50 Shades of White by Andrea Santo Felcone

If preparing for my wedding day taught me anything, anything at all, it was this: there are a lot of shades of white out there. And, in “wedding world,” there is always someone (for a hefty price) willing to get you your exact right shade of white. As in, perhaps, dye your white shoes white—a different white—to match the precise shade of your white gown–for an extra fee, of course. But, now, years later, as I look around, I realize white is what I’m craving. Or maybe it’s the blank slate that goes along with white? I want a creamy white simplification of things. Strip everything down and back to the core, to its essence. Focus on what’s important and only that. A white background will surely draw out what’s important—right?

Is it me, or is this a mid-life thing?50 shades of white flowers

I feel like this is “a thing” and by that, I mean something that people in mid-life are drawn to; or at least I remember my mother suddenly decorating everything in various shades of white, right about the time when she was in her late 40s, early 50s. The white wicker furniture came in, the white couch with the thin blue lines appeared; there just seemed to be a white something, a white presence, a white lightness, where before there had been a darkness, a heaviness.

I don’t normally (actually, ever) do this, but, the other day, I had the guilty pleasure of watching movies—during the day. I was sick, and all my body wanted was a day in bed, and well, why not watch movies to pass the time? I decided “Something’s Gotta Give” with Diane Keaton, Jack Nicholson and Keanu Reeves seemed like a good idea. Maybe it was the title, the title that echoed the kind of rest my body was requesting, but I needed that movie. This has been my winter of self-protection, a time to pull into myself, to be, perhaps, a little self-indulgent. (Is that a “mid-life thing”?)

I was expecting to be entertained by the actors, maybe fall in love with something going on between them, what I wasn’t expecting was to fall in love with something behind them–the house. If you’ve ever seen that movie, maybe you remember that house, the beach house belonging to Diane Keaton’s character. That house. That house was much more attractive and seductive to me than either Jack Nicholson (by a mile) or Keanu Reeves (by half a mile); that house called to me. And then I realized, it’s those mainly white interiors. Those creamy walls and creamy white bookcases filled with books, and the white French doors that opened out to the white sandy beach. It was the inviting whiteness of it all.

The calming presence of the creamy neutrality of those interiors. Those men would come and go, but those white walls, they stuck with Diane throughout. They’ll be there when Jack Nicholson reverts to type and leaves Diane once again (surely that’s bound to happen). Those walls will be there when she invites Keanu back after realizing she’s made a horrendous mistake and she doesn’t care who calls her a “cougar” in the process…. Oh, sorry. I know this is a movie celebrating mid-life and not reaching back in time for youth, but whatever way it eventually goes, those creamy white walls will be there to support Diane. Holding her up, calming her down.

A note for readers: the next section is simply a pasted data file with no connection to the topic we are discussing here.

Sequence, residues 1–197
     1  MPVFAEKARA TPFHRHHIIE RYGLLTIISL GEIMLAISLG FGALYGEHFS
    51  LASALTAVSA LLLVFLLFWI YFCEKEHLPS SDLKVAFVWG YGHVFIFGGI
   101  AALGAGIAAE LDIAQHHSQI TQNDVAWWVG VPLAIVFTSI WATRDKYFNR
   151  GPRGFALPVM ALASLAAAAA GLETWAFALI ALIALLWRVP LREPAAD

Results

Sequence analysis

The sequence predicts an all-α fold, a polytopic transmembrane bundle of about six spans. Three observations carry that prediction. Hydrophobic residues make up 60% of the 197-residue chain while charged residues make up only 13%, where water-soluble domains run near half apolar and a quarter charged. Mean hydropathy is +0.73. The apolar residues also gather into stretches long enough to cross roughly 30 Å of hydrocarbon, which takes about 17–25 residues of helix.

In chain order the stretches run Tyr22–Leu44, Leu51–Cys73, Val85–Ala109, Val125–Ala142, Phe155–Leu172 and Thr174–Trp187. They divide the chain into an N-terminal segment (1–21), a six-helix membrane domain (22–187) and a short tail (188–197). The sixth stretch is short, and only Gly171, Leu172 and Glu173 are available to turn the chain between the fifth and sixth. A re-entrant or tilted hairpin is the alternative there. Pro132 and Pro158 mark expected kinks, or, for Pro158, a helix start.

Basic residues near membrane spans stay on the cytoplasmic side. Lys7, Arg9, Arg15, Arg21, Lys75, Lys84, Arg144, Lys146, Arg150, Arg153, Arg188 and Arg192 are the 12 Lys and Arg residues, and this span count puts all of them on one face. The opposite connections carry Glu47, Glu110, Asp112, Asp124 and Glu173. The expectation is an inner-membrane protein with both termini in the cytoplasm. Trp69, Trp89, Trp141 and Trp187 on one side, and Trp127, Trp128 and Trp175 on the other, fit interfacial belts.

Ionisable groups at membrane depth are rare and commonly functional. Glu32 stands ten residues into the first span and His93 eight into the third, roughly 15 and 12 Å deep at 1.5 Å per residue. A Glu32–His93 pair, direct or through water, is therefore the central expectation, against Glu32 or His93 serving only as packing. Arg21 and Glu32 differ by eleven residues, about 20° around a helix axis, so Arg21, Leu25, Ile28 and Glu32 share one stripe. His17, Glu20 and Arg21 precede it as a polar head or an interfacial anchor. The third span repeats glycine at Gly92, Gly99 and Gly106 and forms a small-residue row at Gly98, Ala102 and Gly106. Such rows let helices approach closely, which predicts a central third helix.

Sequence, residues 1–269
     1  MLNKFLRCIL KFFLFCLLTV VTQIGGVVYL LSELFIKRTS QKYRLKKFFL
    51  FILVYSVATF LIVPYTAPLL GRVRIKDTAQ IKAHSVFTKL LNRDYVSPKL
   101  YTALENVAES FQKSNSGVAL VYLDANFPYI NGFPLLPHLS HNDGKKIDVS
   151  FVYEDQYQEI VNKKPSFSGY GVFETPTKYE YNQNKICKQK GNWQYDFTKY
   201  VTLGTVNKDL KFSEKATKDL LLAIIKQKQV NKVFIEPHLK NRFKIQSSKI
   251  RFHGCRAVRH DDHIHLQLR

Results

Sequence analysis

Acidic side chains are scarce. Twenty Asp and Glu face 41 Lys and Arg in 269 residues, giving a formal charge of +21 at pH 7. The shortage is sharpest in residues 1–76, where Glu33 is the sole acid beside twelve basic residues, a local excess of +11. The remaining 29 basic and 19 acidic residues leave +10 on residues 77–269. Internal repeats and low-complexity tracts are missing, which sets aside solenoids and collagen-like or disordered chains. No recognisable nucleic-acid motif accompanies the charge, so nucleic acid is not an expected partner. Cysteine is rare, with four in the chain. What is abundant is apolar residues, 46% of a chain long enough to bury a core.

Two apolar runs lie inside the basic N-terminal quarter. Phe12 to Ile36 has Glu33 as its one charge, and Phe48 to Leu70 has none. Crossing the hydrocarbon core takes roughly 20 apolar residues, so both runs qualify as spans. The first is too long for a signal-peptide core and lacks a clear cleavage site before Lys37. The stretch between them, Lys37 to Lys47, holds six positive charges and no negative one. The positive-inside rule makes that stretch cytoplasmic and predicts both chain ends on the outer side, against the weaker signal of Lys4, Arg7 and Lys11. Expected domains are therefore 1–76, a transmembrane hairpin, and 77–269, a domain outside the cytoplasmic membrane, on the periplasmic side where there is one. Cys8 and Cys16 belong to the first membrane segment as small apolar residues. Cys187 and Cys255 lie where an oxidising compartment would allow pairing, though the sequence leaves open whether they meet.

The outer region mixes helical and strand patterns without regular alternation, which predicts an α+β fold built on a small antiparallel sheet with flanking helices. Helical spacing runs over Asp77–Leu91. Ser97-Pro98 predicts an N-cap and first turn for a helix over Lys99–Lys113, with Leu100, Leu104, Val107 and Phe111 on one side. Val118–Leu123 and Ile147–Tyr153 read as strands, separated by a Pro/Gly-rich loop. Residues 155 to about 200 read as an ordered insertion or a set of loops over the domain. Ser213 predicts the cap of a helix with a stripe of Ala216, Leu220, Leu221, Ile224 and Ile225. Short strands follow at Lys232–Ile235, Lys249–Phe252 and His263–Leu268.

I feel like hitting the “reset button” on the home décor—a spring cleaning to end all spring cleanings. Purge everything that is no longer working, no longer serving me, no longer going to serve whatever “future me” needs. Surrounding myself with those creamy neutrals (this doesn’t discount “pops of color” to liven things up a bit), but most of me is crying out for a clean slate. Perhaps Alabaster White (formerly Sherwin Williams’ Color of the Year in 2016) is a little more in line with what I need right now. According to their website, this color offers “a sense of personal solace and revival to weary minds…. A true neutral.” In these days of divisiveness, a true neutral sounds like a best friend, someone that can’t or won’t take sides–the Swiss representative of the Pantone Color Booklet. I can’t think of a better metaphor for my mid-life desire … a sense of personal solace and revival (heavy on the revival, please). If a can of Alabaster White can do that, even with its gray undertones, then hand over the paint brush, please.

Somehow, though, I think the neutral I desire is more in line with a warmer white, something with a name like, “Soft Chamois,” something with a creamy undertone. Something closer to what was reflected back to me during that movie. I found an article about that house in “Something’s Gotta Give,” and sadly, those creamy neutrals were custom-mixed for the sets, and are not available in any paint store. (Something’s gotta give, but unfortunately, it isn’t the paint formula!)

Maybe that’s for the best. Mid-life seems like a great time to re-evaluate what’s working for you, and what isn’t. Maybe that movie was a reminder–mid-life is the ideal time to custom-mix your own formula and surround yourself in whatever is calling to you.   

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  1. One Response to “50 Shades of White by Andrea Santo Felcone”

  2. White on, girl! Lol. Love it ; )

    By Pamela on Apr 4, 2018